Art & Culture Arts

Man Booker Prize 2018 at the Royal Festival Hall

Designer | Helena Keeble

For the last thirteen years, The Southbank Centre in London has hosted the Man Booker Prize Readings where the shortlisted authors gather and perform a short reading from their nominated novels before discussing their works with the host and amongst themselves. The Man Booker Prize has recognised and rewarded outstanding worldwide fiction for fifty years and is the leading literary award in the English speaking world. Each year the prize of £50,000 is awarded to the best novel written in English and published in the UK. The six shortlisted authors receive £2,500 which is funded by the active investment management firm – Man Group. Over the course of fifty years authors such as P. H. Newby (1969 – the first year of the Man Booker Prize), Salman Rushdie (1981), Kazuo Ishiguro (1989), Margaret Atwood (2000), and finally this years’ winner Anna Burns for her novel Milkman, have all won the Man Booker Prize. On 14 October, the Royal Festival Hall held the 2018 shortlisted authors: Anna Burns (Milkman), Esi Edugyan (Washington Black), Daisy Johnson (Everything Under), Rachel Kushner (The Mars Room), Richard Powers (The Overstory), and Robin Robertson (The Long Take), hosted by writer, columnist and playwright Damian Barr two days before the winner was announced.

 

Anna Burns – Milkman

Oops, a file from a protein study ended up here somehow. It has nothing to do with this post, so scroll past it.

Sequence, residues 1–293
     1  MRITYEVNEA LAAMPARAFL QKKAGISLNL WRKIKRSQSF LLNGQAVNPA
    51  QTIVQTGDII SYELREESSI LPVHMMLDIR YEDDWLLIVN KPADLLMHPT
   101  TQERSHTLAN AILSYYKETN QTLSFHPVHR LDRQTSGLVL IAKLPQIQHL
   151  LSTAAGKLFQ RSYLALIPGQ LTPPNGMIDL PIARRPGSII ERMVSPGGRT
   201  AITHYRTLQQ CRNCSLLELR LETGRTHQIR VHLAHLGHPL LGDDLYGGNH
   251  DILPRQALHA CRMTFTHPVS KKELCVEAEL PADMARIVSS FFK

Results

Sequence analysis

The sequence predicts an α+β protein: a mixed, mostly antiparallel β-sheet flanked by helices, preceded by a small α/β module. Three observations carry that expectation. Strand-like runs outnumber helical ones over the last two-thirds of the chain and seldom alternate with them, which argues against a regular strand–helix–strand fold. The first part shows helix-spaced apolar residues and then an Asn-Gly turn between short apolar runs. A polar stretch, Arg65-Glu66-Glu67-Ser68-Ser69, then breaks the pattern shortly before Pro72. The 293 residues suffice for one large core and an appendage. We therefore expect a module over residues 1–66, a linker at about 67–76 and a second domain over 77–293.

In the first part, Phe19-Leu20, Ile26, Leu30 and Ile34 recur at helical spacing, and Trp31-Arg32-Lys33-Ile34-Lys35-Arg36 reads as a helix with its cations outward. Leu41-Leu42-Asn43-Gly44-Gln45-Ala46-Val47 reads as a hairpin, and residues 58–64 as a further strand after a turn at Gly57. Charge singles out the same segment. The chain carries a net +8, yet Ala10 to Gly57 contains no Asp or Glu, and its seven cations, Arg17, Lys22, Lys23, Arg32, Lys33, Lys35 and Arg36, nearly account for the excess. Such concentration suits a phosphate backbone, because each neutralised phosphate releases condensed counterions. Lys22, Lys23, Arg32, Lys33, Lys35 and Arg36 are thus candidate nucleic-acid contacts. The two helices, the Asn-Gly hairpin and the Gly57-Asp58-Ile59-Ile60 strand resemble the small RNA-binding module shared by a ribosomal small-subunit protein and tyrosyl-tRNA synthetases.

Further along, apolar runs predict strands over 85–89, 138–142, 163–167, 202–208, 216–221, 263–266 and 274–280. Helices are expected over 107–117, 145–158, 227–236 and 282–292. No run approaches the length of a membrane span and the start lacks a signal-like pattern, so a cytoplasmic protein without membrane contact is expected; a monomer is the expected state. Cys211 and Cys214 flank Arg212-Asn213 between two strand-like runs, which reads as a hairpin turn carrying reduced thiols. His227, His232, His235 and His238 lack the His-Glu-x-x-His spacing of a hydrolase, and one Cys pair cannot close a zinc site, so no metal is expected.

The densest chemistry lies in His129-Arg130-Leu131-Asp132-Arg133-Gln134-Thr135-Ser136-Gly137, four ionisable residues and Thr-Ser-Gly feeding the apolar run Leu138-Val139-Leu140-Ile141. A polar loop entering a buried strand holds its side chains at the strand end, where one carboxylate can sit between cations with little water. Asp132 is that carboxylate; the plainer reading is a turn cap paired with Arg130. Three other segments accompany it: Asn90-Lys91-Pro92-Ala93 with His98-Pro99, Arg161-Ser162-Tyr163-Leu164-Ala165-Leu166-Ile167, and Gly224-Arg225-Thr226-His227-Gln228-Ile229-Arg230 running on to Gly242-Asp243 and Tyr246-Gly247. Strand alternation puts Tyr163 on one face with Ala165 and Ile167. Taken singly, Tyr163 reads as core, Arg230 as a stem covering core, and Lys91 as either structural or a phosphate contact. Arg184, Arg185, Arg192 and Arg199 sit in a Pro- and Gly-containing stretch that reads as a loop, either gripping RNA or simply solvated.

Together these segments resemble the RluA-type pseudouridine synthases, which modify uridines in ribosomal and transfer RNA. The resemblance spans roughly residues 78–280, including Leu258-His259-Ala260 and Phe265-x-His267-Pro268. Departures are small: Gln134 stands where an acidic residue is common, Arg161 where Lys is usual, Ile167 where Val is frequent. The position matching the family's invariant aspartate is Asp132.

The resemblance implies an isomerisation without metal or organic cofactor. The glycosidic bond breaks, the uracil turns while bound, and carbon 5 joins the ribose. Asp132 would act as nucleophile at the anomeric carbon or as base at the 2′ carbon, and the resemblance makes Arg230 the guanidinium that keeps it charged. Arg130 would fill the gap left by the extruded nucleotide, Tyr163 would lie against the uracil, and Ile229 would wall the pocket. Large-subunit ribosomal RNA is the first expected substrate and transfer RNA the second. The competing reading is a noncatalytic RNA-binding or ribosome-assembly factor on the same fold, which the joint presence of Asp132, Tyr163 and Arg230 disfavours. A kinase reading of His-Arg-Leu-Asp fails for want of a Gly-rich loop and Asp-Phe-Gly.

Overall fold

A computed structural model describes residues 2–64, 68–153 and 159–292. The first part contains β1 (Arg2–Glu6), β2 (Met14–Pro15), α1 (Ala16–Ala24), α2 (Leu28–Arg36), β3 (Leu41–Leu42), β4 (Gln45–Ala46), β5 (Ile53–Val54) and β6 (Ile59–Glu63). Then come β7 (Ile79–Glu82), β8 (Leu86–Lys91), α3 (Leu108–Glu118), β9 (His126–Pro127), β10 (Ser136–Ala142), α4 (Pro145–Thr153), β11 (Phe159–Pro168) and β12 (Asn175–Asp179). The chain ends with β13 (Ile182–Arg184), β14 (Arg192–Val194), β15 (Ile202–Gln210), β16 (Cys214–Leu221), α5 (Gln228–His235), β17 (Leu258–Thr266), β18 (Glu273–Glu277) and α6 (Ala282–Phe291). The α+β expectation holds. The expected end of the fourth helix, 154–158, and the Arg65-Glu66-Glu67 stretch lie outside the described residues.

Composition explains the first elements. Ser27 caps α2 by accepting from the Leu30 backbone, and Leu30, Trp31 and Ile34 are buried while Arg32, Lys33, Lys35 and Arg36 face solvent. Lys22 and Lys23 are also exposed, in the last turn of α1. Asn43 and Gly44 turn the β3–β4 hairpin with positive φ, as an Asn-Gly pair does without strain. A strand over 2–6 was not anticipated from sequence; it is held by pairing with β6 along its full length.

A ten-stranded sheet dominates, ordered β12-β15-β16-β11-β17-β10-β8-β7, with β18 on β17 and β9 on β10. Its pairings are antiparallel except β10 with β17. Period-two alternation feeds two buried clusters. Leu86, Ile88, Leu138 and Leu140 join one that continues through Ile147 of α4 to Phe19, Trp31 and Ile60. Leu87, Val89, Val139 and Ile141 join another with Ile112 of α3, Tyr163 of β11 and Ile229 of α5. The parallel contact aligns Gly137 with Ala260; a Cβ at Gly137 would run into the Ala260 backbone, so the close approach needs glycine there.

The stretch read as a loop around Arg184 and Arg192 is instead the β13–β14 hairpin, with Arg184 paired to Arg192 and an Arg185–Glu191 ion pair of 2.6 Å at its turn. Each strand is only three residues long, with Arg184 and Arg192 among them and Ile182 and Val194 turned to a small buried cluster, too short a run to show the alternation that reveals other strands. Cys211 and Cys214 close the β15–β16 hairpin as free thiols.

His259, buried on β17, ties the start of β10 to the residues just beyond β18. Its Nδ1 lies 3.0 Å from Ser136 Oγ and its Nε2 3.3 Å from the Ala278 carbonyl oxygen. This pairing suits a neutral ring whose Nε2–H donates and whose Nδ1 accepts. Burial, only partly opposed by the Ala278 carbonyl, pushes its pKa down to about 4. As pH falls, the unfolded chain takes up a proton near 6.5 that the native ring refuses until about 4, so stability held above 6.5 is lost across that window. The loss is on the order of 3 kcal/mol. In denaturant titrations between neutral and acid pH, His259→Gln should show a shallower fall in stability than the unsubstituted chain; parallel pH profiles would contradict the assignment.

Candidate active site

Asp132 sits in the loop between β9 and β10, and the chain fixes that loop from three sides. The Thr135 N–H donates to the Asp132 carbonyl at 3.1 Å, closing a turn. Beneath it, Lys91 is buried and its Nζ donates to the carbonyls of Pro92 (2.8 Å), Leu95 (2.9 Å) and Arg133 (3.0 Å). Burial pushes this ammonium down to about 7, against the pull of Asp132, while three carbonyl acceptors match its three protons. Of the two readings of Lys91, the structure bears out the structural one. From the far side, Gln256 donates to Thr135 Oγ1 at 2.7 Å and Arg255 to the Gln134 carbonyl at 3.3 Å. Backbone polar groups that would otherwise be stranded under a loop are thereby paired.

Burns began the evening by reading from the beginning of her novel which Barr revealed holds ‘so many words for vagina – very educating for me!’ to which there was an uproar of laughter. Burns described her book’s location as ‘fiction – it’s about an entire society, suffering long-term violence and existing under extreme intense pressure. … Rather than describe the actual location … I much prefer to get the word of the fiction true to itself – its emotional reality – its quirks – it comes this way – that’s how I write’.

Barr questioned the lack of names within the novel and the complication from this to which Burns responded ‘it just didn’t work with names. I tried it at one point … and as I was reading it I thought “oh no, no, no! This is just not the same book” and then my writing-buddy read it she said “oh no, no, no, no! This is just not the same book”. Its all about protecting oneself so I think the name thing – it was part of that. The collective as more important than the individual.’